Notes
Introduction
1
For an assessment of the limits of South Africa’s Truth and Reconcilia-
tion project with regard to its failure to connect with popular ideas about
justice, see Richard Wilson, The Politics of Truth and Reconciliation in South
Africa: Legitimizing the Post-Apartheid State (Cambridge: Cambridge Uni-
versity Press, 2001); also Lars Buur, ‘‘The South African Truth and Recon-
ciliation Commission: A Technique of Nation-State Formation,’’ in States of
Imagination: Ethnographic Explorations of the Postcolonial State, ed. Thomas
Blom Hansen and Finn Stepputat (Durham, N.C.: Duke University Press,
2001), 149–81; and Heidi Grunebaum-Ralph, ‘‘Re-placing Pasts, Forget-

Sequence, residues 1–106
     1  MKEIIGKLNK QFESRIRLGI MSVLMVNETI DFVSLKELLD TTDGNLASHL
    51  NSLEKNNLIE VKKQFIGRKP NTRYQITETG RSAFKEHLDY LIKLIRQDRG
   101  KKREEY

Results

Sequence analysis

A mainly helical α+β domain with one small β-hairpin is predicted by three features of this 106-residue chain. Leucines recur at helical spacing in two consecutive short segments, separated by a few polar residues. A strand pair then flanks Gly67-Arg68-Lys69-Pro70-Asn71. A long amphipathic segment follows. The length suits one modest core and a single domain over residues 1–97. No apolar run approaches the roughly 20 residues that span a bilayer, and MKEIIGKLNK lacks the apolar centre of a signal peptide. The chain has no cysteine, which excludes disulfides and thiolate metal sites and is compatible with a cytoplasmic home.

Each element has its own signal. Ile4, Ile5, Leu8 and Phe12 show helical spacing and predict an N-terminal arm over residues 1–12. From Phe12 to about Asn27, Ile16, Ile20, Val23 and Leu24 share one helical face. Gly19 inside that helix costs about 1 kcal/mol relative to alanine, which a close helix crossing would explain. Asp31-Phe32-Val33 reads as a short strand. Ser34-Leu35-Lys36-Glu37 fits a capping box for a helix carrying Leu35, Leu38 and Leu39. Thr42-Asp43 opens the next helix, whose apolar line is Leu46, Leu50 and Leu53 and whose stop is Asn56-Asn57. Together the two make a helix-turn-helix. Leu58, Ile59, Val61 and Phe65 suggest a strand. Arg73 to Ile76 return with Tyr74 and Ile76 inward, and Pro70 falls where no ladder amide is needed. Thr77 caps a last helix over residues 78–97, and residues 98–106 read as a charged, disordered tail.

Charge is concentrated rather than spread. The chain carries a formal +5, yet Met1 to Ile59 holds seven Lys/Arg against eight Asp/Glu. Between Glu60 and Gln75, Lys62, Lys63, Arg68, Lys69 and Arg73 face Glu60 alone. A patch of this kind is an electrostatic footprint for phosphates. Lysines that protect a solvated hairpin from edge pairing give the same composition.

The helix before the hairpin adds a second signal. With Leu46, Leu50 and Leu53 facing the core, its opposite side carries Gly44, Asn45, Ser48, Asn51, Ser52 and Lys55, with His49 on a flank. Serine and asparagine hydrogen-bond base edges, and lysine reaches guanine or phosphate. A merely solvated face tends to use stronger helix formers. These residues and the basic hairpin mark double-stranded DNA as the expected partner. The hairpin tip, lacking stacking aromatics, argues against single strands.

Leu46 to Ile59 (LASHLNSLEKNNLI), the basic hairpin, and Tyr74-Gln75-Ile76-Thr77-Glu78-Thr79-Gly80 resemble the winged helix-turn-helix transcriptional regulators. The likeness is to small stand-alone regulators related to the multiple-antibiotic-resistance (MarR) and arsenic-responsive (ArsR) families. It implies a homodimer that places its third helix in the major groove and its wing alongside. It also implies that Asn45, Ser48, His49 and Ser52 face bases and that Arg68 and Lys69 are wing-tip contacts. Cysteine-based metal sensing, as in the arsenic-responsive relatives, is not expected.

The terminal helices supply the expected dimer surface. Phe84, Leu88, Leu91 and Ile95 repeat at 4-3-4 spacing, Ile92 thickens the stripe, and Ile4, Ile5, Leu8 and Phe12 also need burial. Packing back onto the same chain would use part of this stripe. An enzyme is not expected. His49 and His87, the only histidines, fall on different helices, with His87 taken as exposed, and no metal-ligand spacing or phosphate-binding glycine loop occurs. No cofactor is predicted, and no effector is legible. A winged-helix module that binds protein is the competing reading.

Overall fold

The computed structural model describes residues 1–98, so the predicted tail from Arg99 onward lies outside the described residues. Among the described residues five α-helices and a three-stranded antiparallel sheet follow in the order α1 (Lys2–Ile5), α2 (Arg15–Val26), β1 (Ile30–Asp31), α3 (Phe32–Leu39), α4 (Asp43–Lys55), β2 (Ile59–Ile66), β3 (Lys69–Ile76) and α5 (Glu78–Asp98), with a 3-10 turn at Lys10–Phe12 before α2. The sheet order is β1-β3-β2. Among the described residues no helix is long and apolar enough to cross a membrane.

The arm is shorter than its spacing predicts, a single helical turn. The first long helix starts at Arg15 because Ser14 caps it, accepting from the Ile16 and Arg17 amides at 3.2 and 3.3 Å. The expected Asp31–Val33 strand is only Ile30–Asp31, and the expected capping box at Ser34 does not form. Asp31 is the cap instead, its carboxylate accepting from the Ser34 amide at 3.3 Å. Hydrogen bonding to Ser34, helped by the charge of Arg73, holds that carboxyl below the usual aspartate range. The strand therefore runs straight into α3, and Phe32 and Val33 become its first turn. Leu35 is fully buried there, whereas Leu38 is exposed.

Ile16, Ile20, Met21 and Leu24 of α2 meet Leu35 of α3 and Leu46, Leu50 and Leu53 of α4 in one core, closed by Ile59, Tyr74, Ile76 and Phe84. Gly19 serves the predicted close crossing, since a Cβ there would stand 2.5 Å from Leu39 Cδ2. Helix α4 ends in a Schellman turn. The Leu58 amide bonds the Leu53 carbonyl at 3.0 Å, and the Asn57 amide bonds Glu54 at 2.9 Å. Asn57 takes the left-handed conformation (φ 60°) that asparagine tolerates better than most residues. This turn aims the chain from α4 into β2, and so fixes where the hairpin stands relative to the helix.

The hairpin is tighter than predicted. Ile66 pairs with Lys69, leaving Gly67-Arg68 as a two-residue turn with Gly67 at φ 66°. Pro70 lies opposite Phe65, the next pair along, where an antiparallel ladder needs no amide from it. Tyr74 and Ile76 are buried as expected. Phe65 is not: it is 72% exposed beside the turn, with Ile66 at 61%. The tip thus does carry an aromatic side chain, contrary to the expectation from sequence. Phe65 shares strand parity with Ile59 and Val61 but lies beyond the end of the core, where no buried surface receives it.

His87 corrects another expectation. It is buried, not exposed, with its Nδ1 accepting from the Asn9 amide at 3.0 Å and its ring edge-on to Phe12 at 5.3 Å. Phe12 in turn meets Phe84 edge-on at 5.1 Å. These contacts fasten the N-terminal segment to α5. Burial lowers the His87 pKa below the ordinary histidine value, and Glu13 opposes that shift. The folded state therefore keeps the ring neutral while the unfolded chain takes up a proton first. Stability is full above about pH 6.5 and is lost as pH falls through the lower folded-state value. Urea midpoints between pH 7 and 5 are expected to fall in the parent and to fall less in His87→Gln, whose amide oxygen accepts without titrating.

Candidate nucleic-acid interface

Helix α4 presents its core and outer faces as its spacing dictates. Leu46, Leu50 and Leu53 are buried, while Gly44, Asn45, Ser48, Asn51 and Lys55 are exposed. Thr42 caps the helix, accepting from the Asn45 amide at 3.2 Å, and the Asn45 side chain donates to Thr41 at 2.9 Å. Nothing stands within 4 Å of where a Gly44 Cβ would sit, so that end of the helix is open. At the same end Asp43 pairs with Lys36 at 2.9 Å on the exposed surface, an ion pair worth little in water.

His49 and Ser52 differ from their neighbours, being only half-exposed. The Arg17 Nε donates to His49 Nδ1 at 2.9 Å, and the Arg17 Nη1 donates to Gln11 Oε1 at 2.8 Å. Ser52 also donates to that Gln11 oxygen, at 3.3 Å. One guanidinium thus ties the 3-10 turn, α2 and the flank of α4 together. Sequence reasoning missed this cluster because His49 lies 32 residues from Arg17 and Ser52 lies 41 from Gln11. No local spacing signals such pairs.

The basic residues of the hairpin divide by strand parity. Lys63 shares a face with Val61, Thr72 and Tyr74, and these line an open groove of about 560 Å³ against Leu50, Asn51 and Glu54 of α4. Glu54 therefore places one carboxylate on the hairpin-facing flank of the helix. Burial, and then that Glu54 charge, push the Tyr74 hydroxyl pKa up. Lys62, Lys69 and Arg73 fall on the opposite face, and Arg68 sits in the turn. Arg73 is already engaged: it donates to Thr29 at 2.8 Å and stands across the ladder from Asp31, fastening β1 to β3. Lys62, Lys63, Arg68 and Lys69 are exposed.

ting Presents: Narrative, Place, and Memory in the Time of the Truth and
Reconciliation Commission,’’ Research in African Literatures 32, no. 3 (fall
2001): 198–212. Tina Rosenberg argues for the need for truth commis-
sions in the former Eastern bloc specifically drawing on the Chilean model
(The Haunted Land: Facing Europe’s Ghosts after Communism [New York:
Vintage, 1995], 352–353). Similarly, John Borneman suggests that Eastern
and Central European countries that did not have specific discourses of
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